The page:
Vitamin D - The Best Sources of It - Things You Need To Know Today


Vitamin D – The Best Sources of It

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Vitamin D is essential for bone growth (assists calcium assimilation). But it probably plays an important role in many other respects (immunity, cardiovascular diseases …). It is found first in fish oil, different fatty fish, egg, offal, butter…

Vitamin D contributes to the assimilation of calcium and thus plays a major role in bone growth. It is also essential for the growth of young children and the protection of adult bone (osteoporosis). But recent research has shown that this vitamin has many other positive effects and intervenes in various mechanisms (immunity, anti-inflammatory, anti-tumor, cardiovascular protector…).

Vitamin D exists in the natural form D3 or cholecalciferol, a nutrient of animal origin (milk, butter, fatty fish, offal such as calf’s liver or poultry liver); In the synthetic form (plant origin), vitamin D2 or ergocalciferol, synthesized by plants under the action of ultraviolet rays. Vitamin D3 is synthesized by the action of sunlight on the skin. In some respects, therefore, the first source of vitamin D is the sun. 80 to 90% of the vitamin D (vitamin D3) assimilated by our body is synthesized by the action of ultraviolet rays. A daily exposure of the face and arms of about 30 minutes is recommended.

Required intakes

Estimates of the necessary intakes of vitamin D diverge widely. The most conservative recommendations set the recommended intakes at 5 μg /day for adults and 10 μg /day for children aged 1 to 3 years. Other medical authorities have increased the recommended dose to 30 μg /day. The trend is to strengthen the place of this vitamin in the indispensable micro nutrients. Due to often insufficient sun exposure in the northern hemisphere, supplementation is usually required for children and some adults.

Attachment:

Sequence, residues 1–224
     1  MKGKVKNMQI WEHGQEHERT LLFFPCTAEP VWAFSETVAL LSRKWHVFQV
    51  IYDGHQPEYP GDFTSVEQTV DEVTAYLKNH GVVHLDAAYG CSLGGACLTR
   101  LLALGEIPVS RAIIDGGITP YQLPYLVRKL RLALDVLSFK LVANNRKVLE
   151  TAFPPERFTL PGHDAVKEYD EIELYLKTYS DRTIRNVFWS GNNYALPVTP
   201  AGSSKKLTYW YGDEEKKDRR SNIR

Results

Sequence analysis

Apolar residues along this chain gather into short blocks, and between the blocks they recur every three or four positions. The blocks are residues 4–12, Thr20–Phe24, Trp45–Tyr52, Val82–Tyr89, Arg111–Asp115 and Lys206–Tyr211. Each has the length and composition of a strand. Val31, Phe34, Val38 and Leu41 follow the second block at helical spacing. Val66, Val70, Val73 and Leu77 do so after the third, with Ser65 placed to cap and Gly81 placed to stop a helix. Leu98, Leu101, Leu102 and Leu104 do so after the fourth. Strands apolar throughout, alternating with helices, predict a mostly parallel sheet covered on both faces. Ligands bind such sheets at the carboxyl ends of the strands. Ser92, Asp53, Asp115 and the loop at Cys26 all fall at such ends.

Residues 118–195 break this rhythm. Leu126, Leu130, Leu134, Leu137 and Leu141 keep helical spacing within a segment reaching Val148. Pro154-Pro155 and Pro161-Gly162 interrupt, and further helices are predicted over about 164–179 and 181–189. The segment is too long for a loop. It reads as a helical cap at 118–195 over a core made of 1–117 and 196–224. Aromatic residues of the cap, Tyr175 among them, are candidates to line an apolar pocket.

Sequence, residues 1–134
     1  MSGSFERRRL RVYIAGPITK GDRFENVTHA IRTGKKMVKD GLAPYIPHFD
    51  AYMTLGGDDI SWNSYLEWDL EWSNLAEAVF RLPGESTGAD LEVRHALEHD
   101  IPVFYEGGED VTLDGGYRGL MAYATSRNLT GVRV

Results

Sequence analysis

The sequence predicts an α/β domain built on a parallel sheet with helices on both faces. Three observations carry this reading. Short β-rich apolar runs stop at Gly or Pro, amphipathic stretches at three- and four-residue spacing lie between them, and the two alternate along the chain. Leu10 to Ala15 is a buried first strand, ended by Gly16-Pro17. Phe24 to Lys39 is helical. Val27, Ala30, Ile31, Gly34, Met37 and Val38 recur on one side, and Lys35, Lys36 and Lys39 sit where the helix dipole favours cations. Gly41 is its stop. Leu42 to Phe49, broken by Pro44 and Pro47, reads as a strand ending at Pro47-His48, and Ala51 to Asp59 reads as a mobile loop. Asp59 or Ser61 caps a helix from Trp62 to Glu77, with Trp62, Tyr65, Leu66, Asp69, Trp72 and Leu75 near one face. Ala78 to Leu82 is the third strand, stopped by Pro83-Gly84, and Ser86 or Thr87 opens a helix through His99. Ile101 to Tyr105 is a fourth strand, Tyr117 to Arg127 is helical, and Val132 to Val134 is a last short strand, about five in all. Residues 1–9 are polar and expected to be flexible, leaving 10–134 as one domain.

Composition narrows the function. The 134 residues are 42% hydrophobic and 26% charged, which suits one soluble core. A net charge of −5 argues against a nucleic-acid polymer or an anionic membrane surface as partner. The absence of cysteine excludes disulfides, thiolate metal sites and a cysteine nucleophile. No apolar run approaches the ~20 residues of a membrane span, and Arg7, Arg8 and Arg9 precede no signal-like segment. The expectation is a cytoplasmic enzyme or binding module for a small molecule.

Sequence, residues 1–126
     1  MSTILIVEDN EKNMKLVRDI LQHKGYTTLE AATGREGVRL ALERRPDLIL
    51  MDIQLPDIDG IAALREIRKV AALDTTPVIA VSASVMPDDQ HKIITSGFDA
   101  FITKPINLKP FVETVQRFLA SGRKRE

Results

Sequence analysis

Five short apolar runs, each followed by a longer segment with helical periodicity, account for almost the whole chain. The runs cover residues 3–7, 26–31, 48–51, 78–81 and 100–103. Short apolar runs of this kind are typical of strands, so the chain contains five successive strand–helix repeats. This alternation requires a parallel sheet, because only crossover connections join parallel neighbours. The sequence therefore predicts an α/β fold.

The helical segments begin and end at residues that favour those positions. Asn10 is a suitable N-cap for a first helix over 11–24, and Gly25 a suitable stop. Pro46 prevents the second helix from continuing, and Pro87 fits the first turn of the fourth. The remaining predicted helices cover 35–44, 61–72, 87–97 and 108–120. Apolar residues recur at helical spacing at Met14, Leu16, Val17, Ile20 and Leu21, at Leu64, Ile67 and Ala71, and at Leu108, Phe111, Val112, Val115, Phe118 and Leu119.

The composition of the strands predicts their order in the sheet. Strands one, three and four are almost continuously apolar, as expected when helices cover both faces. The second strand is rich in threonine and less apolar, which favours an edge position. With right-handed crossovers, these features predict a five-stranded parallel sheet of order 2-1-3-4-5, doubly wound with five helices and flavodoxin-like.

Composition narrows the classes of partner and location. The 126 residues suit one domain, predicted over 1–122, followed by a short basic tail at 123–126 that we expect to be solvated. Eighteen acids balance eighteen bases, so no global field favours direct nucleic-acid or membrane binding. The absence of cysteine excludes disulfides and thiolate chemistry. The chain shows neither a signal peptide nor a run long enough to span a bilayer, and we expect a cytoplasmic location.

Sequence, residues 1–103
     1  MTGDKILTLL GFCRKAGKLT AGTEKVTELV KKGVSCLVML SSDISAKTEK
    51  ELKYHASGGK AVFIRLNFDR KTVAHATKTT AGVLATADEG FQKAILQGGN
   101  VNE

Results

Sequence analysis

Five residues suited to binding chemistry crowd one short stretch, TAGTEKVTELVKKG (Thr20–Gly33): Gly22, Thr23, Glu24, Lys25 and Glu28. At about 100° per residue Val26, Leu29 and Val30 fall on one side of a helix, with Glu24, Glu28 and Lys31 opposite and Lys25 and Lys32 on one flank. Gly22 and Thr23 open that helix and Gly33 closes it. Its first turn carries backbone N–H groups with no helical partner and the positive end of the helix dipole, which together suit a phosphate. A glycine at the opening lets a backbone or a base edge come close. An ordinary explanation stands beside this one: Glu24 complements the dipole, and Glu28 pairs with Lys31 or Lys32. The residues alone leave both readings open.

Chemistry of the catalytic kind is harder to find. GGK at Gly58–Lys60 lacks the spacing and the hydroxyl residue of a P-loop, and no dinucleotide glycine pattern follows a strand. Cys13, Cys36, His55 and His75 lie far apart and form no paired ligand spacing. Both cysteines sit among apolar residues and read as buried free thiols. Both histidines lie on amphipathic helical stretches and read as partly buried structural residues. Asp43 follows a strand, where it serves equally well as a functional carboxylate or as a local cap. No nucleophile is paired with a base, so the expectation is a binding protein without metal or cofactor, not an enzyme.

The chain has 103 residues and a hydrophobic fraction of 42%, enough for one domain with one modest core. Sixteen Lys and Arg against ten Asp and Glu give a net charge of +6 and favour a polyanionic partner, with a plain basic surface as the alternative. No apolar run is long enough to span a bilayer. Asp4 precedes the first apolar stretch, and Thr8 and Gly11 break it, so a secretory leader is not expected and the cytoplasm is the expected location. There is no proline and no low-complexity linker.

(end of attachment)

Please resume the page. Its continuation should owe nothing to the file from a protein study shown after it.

Top ten sources of vitamin D

  1. Cod liver oil: 200 μg per 100 g

Other fish oils (tuna, mackerel, salmon) are 10 to 20 times more concentrated than cod liver oil, but are of a rarer consumption than cod liver.

  1. Swordfish: about 15 to 25 μg per 100 g

The eel has an equivalent content but is consumed less frequently than swordfish.

  1. Salmon: about 8 to 15 μg per 100 g
  2. Tuna, trout, herring: 6 to 12 μg per 100g
  3. Sardine: approximately 5 μg per 100g
  4. Dried mushrooms: 3 to 4 μg per 100 g

Note that Japanese Shiitake mushrooms are particularly rich in micro nutrients and vitamin D.

  1. Egg (egg yolk): 3 μg (for 2 large eggs)
  2. Veal liver, beef liver: in the range of 1 to 1.20 μg per 100 g
  3. Butter: 1 μg per 100 g
  4. Milk: less 1 μg (for a cup of 25cl)

It is important that your diet brings you enough vitamin D because it helps the body absorb and use the calcium and phosphorus needed to have strong bones and teeth. The vitamin D may help protect older adults from osteoporosis.

Vitamin D can also protect you from infections by helping your immune system.

It can help reduce the risk of chronic diseases such as multiple sclerosis and some types of cancer like colorectal cancer but this is still under study.

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